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Re: [Slovak-World] "Food and Eating"--8

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  • Helen Fedor
    No, the European Reading Room is closed on Saturdays, but the Visitors Center is open on Saturdays and has public (architectural) tours at 10:30am, 11:30am,
    Message 1 of 5 , Mar 4, 2010
      No, the European Reading Room is closed on Saturdays, but the Visitors'
      Center is open on Saturdays and has public (architectural) tours at
      10:30am, 11:30am, 1:30pm, and 2:30pm. You don't need a reservation or

      You should check the SASW Web site < http://www.dcslovaks.org/ > to see
      if we have a talk scheduled for the day you'll be here.

      All opinions my own

      >>> LongJohn Wayne <daxthewarrior@...> 3/4/2010 12:47:13 PM >>>
      Do you ever work on Saturdays? I am going to be in DC for an event.

      --- On Thu, 3/4/10, Helen Fedor <hfed@...> wrote:

      From: Helen Fedor <hfed@...>
      Subject: Re: [Slovak-World] "Food and Eating"--8
      To: Slovak-World@yahoogroups.com
      Date: Thursday, March 4, 2010, 11:19 AM

      In searching for a recipe for demika't, just to satisfy my own

      curiosity, I came across this site <

      http://dobrejedlo. pluska.sk/ dobre-jedlo/ clanky/polievky/ ?page=4 >.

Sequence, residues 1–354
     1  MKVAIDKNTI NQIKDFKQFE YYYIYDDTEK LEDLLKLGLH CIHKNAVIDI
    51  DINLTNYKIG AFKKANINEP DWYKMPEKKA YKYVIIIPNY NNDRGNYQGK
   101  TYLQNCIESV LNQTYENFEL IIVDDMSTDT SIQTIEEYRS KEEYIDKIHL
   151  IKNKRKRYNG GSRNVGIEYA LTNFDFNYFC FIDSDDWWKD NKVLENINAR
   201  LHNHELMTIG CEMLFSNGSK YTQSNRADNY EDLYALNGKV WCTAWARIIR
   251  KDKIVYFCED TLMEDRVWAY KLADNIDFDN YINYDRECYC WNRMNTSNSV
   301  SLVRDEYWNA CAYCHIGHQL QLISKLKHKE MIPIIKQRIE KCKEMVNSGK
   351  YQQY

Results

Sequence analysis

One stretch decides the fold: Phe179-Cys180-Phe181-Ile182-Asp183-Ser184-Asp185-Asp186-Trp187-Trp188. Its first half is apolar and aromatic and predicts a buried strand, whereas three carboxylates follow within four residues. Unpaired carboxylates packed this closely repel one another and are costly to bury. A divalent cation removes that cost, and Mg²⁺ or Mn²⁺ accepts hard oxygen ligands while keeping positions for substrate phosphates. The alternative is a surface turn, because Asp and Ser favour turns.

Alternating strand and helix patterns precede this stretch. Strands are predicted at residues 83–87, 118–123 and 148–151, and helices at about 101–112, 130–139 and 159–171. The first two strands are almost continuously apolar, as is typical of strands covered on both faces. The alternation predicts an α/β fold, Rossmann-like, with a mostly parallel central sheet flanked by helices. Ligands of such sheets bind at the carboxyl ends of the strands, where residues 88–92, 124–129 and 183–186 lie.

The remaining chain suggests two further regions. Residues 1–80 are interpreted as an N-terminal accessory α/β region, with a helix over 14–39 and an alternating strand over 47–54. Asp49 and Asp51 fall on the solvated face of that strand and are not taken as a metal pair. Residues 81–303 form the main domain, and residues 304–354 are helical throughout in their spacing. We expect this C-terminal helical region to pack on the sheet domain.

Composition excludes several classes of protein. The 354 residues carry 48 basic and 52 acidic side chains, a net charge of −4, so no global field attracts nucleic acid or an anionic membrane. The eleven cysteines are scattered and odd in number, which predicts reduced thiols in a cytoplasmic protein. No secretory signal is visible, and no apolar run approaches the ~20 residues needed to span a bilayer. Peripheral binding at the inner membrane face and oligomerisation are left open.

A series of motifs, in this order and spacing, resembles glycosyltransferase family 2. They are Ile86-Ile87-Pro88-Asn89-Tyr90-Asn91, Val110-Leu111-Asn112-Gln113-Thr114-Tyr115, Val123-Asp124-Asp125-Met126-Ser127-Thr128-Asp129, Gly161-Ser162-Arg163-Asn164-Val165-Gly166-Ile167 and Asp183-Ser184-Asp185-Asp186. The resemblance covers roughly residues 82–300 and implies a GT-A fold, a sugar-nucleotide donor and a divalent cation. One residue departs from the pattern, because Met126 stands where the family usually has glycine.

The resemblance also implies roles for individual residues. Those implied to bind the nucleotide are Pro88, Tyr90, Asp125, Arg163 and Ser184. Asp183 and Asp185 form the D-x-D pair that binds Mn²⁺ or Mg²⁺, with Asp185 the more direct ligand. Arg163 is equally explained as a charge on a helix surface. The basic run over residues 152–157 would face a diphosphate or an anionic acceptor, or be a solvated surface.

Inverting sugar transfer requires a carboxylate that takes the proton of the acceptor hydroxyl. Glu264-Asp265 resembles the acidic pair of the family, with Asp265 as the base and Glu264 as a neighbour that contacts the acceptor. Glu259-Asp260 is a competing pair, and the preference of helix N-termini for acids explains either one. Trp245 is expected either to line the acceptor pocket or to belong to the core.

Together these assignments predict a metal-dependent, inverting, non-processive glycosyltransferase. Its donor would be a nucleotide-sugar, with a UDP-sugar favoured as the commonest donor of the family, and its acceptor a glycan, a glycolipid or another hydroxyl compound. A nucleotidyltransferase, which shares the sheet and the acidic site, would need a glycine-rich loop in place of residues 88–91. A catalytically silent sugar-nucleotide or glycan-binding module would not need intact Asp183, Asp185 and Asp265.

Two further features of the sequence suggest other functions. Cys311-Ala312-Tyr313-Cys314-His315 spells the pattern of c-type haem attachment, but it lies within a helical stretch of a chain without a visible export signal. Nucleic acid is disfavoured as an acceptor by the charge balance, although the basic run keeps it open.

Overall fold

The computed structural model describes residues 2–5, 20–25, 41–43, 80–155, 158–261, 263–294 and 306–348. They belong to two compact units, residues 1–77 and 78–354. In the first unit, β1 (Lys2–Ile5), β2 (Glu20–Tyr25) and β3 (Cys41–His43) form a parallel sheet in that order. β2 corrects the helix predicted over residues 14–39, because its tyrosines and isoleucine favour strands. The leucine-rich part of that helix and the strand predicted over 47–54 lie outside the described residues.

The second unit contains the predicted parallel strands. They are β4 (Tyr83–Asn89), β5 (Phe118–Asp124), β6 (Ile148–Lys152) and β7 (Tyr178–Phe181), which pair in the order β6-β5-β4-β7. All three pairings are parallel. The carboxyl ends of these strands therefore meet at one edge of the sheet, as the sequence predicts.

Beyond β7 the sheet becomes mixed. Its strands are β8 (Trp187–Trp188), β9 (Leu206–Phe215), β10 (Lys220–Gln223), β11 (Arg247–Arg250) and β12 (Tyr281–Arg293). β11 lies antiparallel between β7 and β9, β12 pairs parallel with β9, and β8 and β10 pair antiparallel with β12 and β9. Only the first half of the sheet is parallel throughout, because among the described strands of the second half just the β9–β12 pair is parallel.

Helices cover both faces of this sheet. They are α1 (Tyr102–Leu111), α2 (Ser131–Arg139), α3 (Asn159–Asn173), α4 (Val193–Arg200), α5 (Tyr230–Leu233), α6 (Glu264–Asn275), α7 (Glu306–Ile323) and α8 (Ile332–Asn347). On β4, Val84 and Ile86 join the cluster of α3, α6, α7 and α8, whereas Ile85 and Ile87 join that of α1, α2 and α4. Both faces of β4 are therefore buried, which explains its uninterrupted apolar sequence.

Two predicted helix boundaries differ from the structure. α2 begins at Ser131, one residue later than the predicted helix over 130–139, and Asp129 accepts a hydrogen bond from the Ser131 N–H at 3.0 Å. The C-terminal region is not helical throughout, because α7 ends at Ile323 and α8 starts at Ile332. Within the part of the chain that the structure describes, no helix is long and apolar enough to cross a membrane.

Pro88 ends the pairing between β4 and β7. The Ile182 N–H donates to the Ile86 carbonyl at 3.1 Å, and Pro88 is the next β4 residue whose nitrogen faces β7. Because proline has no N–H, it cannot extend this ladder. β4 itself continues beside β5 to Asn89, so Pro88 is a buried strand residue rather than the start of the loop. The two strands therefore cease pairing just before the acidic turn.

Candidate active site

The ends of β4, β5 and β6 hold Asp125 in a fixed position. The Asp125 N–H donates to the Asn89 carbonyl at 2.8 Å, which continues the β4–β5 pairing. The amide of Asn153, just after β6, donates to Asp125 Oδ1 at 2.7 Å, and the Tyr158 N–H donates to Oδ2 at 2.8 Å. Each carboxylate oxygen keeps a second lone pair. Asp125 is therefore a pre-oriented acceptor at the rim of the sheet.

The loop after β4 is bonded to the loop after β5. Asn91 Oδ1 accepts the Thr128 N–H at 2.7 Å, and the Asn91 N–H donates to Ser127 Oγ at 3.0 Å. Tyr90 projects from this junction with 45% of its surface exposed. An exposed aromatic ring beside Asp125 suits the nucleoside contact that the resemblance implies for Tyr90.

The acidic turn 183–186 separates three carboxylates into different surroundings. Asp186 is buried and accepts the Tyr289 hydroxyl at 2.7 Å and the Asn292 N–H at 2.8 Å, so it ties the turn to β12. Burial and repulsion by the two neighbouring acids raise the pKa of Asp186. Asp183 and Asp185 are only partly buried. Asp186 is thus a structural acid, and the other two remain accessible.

All opinions my own

      >>> "Helen Fedor" <hfed@...> 3/4/2010 11:10:15 AM >>>

      My apologies for no food text yesterday, but I took off the day to go


      to Philadelphia for the flower show and forgot to let you know ahead


      time. But now I'm back, wishing that I had the original text for

      comparison, to make sure that I don't "mis-correct" anything.


      “Milk Dishes”

      The traditional Slovak diet include mainly cow’s and sheep’s milk,

      and more rarely goat’s milk. Milk soups, sweet ones made by cooking

      pasta in boiling milk, or sour ones made by cooking whey or diluted

      curd, were among the most widespread dairy dishes. In the mountainous

      regions, a soup called“demika’t” was common. This was a common

      meal mainly for shepherds, and was made from boiling “bryndza”

      (sheep’s milk cheese) into pieces [until it fell apart?]. Most


      gruels were cooked in millk. Milk, sour milk, or cream mixed with


      served as a thickener for mushes, particularly when podders, fruit, or

      potatoes were cooked [were added?].

      In the summer months, people tried to preserve any surplus of milk for

      later on. Sour milk was poured into fresher milk to make it turn sour

      quicker. The milk was also coagulated artificially, by using various

      vegetable juices or the stomachs of non-adult ruminant animals. Curd

      and sour cheese were made from milk.(14) Fresh curd, if it did not


      to be sold, was consumed in the household. It was most commonly

      preserved by salting and packing the curd into vessels; as the curd

      aged, the upper layers were gradually eaten. In this way, the


      curd was called “rotten” or “bitter” cheese. Curd also used


      be kneaded and formed into a conical shape, in which it slowly dried


      became nearly as hard as a brick. However, in Slovak folk culture

      cheese production never developed the more exacting methods of

      production that are known, for example, in the Alpine countries or the



      All opinions my own

      [Non-text portions of this message have been removed]
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